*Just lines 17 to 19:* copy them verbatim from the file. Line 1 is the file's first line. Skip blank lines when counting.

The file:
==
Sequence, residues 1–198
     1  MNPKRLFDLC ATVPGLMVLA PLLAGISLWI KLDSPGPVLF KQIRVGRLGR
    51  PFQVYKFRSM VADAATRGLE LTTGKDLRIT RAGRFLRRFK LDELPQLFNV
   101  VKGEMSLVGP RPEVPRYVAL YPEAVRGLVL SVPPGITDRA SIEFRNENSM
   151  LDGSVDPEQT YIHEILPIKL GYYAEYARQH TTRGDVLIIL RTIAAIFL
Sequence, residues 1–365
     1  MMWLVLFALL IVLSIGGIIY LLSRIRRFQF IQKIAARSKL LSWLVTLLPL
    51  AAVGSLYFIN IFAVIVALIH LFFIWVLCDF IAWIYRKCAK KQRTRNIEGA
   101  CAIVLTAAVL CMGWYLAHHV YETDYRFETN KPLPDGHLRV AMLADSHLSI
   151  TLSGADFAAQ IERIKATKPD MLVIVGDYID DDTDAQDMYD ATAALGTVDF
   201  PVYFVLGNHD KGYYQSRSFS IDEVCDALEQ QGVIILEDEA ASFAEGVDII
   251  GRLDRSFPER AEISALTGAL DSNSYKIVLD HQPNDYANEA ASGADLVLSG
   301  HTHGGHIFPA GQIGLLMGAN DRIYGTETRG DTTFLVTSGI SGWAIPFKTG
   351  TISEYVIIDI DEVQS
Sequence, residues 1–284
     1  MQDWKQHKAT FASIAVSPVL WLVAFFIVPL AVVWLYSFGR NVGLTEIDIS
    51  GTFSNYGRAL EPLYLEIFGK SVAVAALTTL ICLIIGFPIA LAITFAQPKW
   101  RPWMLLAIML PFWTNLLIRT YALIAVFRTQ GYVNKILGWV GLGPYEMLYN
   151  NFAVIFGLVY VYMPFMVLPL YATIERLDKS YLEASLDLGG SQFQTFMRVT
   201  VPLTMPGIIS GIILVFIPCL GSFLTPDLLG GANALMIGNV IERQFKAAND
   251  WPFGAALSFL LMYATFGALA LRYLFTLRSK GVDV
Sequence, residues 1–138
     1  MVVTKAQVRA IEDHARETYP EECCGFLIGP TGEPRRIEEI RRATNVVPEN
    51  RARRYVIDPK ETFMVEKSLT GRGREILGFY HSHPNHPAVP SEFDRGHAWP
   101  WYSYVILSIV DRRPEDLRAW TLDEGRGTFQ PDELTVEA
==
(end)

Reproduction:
    51  GTFSNYGRAL EPLYLEIFGK SVAVAALTTL ICLIIGFPIA LAITFAQPKW
   101  RPWMLLAIML PFWTNLLIRT YALIAVFRTQ GYVNKILGWV GLGPYEMLYN
   151  NFAVIFGLVY VYMPFMVLPL YATIERLDKS YLEASLDLGG SQFQTFMRVT